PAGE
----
This agreement with the Cable companies will give TTT exclusive access to Cable transmission from Cableview, Transcable, AJ Cable and Rainbow Cable. This is being viewed as a pre- emptive strike against Direct TV, as cable subscribers will now have to switch off their cable connection and use the reception of their old antenna to view TV6.
Within the region's telecommunications circles, there has been much speculation about the source of funds for this costly and risky venture backed by CCN. CLICO (Colonial Life Insurance Company Ltd) has been named as one of the underwriters to a $20 million issue planned by CCN. The other underwriter is the Bank of Nova Scotia Trust Limited. Some reports indicate that $10 million of the share issue should be able to cover the cost of setting up the Caribbean end of "Direct TV."
Merchandising and the legislative requirements for copyright protection and broadcasting are yet to be finalised by many of the Caricom countries. Nevertheless Direct TV seems to be rearing to go, but, there continue to be hiccups and hence the delay since the initial launch last year. CCN spokespersons revealed that the unveiling has been tentatively set for September/October this year.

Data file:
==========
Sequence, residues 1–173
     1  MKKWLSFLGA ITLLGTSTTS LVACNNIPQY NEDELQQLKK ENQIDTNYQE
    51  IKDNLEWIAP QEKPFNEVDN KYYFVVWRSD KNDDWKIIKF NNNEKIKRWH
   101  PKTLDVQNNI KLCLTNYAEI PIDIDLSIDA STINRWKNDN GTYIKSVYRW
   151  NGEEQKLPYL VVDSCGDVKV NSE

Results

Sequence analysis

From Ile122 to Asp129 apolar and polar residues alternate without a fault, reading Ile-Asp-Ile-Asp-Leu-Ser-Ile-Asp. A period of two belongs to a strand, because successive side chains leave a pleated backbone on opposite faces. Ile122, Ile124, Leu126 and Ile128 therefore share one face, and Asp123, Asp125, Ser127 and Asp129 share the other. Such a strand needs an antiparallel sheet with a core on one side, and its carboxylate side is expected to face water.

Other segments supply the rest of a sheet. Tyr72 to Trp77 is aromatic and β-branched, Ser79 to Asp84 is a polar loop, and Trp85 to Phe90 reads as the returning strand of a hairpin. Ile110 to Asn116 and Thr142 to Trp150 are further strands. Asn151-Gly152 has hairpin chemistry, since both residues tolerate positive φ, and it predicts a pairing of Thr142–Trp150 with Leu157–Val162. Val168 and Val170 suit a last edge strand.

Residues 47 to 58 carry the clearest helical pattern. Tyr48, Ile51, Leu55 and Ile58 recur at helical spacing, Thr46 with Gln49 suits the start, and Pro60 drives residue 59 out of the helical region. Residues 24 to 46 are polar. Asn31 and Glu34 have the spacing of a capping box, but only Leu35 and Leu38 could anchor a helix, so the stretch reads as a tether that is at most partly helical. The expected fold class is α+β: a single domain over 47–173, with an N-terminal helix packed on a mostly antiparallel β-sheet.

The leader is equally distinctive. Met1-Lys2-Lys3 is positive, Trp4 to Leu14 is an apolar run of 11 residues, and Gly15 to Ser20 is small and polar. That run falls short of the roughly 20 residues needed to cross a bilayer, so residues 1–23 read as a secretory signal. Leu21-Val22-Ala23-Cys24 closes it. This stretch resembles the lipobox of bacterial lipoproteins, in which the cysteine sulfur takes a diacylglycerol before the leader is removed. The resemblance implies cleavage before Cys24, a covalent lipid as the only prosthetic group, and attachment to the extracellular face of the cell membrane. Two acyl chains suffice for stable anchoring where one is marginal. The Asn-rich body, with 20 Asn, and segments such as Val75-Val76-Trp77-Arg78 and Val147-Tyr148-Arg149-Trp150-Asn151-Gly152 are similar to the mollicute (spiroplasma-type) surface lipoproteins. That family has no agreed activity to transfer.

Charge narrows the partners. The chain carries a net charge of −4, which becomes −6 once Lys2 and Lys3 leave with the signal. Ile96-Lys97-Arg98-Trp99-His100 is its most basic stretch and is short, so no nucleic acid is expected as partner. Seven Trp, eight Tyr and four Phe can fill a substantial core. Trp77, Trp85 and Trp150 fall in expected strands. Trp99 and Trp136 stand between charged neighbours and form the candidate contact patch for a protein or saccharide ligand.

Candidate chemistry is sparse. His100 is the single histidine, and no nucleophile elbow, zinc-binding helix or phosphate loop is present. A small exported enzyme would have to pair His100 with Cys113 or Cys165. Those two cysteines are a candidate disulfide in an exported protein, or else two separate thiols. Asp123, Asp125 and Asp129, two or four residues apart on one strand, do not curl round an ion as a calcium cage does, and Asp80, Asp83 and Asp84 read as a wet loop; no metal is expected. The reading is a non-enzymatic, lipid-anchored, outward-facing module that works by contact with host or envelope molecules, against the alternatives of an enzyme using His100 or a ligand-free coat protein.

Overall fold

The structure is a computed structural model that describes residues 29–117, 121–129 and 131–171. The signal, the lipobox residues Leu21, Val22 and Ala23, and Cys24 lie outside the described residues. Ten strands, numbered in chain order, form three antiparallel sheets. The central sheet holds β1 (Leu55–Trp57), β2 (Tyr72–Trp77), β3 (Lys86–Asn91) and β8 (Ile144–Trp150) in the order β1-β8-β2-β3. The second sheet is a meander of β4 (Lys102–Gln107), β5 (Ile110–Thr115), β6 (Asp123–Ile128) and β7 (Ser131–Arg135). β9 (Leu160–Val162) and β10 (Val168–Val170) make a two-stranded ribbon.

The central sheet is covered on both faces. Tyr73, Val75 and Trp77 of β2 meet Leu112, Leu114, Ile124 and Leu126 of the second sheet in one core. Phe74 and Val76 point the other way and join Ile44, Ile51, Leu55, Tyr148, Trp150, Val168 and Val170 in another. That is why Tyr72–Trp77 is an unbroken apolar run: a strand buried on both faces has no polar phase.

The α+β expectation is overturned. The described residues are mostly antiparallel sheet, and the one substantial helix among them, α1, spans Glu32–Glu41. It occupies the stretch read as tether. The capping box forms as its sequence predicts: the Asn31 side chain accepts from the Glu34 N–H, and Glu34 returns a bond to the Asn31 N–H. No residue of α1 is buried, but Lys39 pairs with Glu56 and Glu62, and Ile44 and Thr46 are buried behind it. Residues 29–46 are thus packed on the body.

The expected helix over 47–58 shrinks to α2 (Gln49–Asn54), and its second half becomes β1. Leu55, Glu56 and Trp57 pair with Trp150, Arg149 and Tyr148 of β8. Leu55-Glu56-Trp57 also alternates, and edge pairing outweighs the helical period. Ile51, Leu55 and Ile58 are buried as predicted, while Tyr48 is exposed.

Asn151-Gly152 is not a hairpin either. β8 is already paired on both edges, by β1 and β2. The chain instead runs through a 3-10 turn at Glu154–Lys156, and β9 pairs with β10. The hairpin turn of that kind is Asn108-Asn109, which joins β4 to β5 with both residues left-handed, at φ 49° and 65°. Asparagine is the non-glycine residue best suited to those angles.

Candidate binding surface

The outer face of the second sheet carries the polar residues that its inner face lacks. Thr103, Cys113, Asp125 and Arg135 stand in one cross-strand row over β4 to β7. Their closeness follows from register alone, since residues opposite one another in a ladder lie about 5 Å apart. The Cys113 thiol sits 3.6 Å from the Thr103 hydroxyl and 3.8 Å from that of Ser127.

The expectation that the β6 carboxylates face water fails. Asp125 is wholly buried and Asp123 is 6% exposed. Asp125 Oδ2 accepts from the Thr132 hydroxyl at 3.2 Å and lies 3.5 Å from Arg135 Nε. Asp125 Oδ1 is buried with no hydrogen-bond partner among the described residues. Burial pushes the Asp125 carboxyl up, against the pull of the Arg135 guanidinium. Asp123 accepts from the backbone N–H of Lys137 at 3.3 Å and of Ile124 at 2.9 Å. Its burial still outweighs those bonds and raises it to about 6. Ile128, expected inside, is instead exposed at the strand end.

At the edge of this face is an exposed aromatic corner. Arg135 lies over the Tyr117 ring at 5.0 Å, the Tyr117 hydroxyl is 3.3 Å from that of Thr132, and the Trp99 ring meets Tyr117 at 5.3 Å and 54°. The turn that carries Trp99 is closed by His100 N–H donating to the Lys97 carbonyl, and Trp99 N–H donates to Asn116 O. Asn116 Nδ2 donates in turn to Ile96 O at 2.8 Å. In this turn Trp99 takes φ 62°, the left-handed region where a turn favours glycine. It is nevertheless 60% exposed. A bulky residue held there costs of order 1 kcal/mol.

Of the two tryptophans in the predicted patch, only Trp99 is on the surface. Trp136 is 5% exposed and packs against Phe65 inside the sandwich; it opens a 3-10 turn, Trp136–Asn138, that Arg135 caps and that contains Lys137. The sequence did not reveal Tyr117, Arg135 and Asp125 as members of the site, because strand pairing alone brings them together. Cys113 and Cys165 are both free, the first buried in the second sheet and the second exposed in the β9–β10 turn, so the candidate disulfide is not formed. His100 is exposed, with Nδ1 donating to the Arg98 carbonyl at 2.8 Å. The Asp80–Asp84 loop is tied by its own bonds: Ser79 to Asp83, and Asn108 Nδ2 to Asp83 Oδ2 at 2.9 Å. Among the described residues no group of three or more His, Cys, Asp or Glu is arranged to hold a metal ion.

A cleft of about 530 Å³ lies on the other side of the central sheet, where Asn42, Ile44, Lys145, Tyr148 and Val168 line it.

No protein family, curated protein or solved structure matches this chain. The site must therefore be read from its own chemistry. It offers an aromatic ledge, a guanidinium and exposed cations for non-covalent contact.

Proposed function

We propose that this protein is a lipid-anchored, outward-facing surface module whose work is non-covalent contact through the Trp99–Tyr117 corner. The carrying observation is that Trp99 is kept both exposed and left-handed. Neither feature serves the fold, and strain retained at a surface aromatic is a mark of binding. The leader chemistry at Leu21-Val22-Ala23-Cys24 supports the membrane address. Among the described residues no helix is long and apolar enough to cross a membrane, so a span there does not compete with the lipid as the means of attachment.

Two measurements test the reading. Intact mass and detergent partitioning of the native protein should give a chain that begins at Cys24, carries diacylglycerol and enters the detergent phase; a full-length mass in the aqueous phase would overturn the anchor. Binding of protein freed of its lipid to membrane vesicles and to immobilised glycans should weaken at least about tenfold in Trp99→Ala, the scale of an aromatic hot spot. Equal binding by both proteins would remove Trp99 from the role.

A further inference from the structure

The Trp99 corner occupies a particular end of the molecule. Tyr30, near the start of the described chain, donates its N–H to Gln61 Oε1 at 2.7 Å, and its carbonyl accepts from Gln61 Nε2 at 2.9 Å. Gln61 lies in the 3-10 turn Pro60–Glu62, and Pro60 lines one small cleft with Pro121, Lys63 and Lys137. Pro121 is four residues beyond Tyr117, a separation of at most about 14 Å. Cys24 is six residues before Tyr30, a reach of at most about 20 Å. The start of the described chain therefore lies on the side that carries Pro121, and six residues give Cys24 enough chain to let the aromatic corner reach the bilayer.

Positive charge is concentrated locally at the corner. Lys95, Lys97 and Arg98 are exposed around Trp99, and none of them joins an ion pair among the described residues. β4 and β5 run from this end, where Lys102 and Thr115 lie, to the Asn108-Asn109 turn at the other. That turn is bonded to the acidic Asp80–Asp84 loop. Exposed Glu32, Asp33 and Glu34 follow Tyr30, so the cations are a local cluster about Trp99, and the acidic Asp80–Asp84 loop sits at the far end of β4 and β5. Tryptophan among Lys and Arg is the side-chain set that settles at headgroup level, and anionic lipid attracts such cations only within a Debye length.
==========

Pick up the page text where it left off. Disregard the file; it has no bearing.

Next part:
The bottom line is whether or not the consumer will buy into Direct TV and make it a profitable venture. Many of the potential customers seem enthusiastic about the idea until they realise the cost involved. The full Direct TV package costs about US$1500. Financing packages will be available requiring a downpayment of about half with monthly payments thereafter. In some territories the monthly payments will also cover annual licensing and access fees associated with the Direct TV system.
Theodore Moore, a Senior Telecommunications Technician at American Oil Company (AMOCO) already owns a conventional satellite dish. He believes Direct TV has vast potential because it uses signals on the K- Band for its transmissions, and this is more robust than the C- Band transmissions used by conventional dishes. Technically, with the larger C- Band dishes rain or bad weather can wipe out or destroy the signal for an extended period.
In the final analysis, the customer is always right and will
decide whether or not the advantages outweigh the drawbacks. So,
while few people were able to purchase their own satellite dishes
and many welcomed the services offered by the local Cable TV operators,
Direct TV still has to face its biggest obstacle so far- Money.
It's now a wait and see process.
Executive Time "Online" also has a printed version which is available throughout the Caribbean and some selected North American cities.